Much has been debated about the state of corruption, governance and lawlessness in India since the draft Jan Lokpal Bill was proposed by Anna Hazare and his team during April, 2011. However, a new index named Rule of Law Index™ 2011, released in June, which has been prepared by the World Justice Project, quantifies and allows one to compare the ‘rule of law’ situation existing in India with other countries. Rule of law here, in short, refers to a rules-based system in which government and its officials are accountable, laws are clear and fundamental rights are protected, a fair and accessible legal system and access to justice is provided by competent, independent, and ethical adjudicators.
According to the World Justice Project’s Rule of Law Index™ 2011 report, globally, India ranks 24 out of 66 in terms of providing protection of free speech and it ranks 25th in terms of an independent judiciary. In terms of ‘open government’, it ranks 25th. The civil court system in India ranks 48 out of 66 because of deficiencies in access to justice. In terms of ‘absence of corruption’, India's global ranking is 51. The report mentions that ‘order and security’ is a concern in India since its ranking in this regard is 65 out of 66. The index, which may serve the interest of policymakers, researchers and scholars, examines practical situations in which a rule of law deficit may affect the daily lives of ordinary citizens.
Among the lower middle income countries, India ranks 2 out of 16 (China ranks 7th and Pakistan ranks 14th) in terms of Limited Government Powers; India ranks 10 out of 16 (China ranks 3rd and Pakistan ranks 16th) in terms of Absence of Corruption; India ranks 15 out of 16 (China ranks 2nd and Pakistan ranks 16th) in terms of Order and Security; India ranks 5 out of 16 (China ranks 15th and Pakistan ranks 16th) in terms of Fundamental rights; India ranks 1 out of 16 (China ranks 2nd and Pakistan ranks 16th) in terms of Open Government; India ranks 11 out of 16 (China ranks 6th and Pakistan ranks 15th) in terms of Regulatory Enforcement; India ranks 8 out of 16 (China ranks 6th and Pakistan ranks 16th) in terms of Access to civil justice; and, India ranks 6 out of 16 (China ranks 2nd and Pakistan ranks 15th) in terms of Effective criminal justice.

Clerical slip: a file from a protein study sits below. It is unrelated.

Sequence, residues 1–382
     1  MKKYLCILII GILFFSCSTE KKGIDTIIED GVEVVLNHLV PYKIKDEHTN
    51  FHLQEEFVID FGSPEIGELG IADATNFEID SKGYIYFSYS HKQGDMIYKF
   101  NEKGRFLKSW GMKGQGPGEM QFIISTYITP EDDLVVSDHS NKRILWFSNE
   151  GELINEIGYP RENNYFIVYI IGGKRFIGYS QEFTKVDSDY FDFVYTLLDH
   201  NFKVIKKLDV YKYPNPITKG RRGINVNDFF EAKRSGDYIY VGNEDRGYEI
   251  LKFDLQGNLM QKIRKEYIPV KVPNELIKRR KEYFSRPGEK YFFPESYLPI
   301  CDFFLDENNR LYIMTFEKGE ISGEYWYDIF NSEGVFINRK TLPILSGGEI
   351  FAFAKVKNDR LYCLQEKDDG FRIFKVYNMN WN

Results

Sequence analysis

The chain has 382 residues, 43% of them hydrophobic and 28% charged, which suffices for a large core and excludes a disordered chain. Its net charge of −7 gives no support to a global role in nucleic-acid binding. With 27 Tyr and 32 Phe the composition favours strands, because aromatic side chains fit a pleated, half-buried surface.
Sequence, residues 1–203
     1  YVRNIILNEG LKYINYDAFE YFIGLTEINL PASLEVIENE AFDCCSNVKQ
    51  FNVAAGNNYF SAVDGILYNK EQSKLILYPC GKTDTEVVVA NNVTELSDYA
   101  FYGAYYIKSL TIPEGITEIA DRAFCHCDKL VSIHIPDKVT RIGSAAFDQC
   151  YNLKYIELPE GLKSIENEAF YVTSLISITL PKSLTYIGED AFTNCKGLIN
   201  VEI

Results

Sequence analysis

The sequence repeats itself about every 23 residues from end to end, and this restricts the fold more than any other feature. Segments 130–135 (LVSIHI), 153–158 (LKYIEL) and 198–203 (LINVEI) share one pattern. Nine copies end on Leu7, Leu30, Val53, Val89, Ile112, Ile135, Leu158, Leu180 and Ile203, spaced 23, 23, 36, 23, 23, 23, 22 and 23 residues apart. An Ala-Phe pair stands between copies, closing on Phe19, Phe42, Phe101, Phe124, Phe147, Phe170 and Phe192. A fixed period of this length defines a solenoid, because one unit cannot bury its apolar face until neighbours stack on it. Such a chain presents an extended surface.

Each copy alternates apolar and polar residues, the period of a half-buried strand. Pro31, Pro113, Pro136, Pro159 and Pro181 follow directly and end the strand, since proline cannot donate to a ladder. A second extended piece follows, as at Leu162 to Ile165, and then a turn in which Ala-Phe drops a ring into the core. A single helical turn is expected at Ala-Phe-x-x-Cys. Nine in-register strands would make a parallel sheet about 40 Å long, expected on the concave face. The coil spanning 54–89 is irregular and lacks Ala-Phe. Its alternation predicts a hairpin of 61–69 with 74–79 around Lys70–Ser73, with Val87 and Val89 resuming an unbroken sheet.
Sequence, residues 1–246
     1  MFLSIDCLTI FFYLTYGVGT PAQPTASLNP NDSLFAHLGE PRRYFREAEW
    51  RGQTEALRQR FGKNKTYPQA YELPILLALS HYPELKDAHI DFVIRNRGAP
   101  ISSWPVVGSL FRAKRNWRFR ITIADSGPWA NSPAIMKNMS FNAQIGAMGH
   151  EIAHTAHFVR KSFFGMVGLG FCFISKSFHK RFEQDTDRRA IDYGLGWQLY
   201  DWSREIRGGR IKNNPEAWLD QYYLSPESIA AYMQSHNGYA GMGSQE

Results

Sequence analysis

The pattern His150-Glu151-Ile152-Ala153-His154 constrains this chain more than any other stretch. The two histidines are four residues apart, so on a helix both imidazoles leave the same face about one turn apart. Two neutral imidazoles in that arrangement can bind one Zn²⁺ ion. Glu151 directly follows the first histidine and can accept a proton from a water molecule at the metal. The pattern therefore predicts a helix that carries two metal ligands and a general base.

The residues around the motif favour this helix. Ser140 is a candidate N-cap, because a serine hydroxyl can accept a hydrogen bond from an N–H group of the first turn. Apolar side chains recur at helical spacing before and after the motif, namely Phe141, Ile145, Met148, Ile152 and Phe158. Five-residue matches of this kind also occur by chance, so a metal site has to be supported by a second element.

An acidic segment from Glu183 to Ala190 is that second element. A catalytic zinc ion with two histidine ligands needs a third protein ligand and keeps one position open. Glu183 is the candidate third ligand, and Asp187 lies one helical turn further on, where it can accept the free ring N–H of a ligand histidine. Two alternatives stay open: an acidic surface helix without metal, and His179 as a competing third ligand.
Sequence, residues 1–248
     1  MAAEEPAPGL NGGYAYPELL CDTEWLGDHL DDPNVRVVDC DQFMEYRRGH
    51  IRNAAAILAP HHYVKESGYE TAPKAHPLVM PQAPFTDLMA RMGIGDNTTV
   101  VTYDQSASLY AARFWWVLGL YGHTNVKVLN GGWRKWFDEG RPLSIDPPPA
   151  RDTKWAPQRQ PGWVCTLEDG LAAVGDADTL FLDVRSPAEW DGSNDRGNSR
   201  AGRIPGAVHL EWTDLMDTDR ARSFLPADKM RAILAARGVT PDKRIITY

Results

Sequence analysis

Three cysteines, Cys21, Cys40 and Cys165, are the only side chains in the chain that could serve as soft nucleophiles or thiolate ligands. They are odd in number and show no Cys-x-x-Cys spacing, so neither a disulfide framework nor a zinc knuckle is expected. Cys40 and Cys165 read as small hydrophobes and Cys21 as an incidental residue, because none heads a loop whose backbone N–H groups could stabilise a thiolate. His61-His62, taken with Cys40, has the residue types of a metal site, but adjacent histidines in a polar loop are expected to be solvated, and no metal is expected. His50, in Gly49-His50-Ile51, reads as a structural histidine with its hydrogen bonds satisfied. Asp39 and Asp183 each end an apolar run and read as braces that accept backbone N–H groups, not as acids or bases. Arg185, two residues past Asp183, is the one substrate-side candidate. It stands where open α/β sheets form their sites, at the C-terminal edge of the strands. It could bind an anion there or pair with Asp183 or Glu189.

The Rule of Law index is an innovative quantitative assessment tool so as to get a comprehensive picture of the extent to which countries adhere to the rule of law in practice. Presently 66 countries have been covered for preparing the index.
The newly released Rule of Law Index™ 2011 shows that countries in Western Europe and North America are characterized by relatively low levels of corruption, open and accountable governments, and effective criminal justice systems. For the marginalized segments of the population in Western Europe and North America, accessibility of the civil justice system is a major problem. Countries like Austria, Canada, the United States and Norway rank 26th, 22nd, 21st and 20th, respectively in terms of access to legal counsel. Police discrimination against foreigners and ethnic minorities remains an important issue in most countries from this region.
The World Justice Project Rule of Law Index™ 2011 provides new data on nine dimensions of the rule of law prevailing in a country: Limited government powers, Absence of corruption, Order and security, Fundamental rights, Open government, Regulatory enforcement, Access to civil justice, Effective criminal justice and Informal justice. The index comprises more than 400 different variables, organized into nine factors and 52 subfactors. These variables are aggregated and compiled into numerical scores.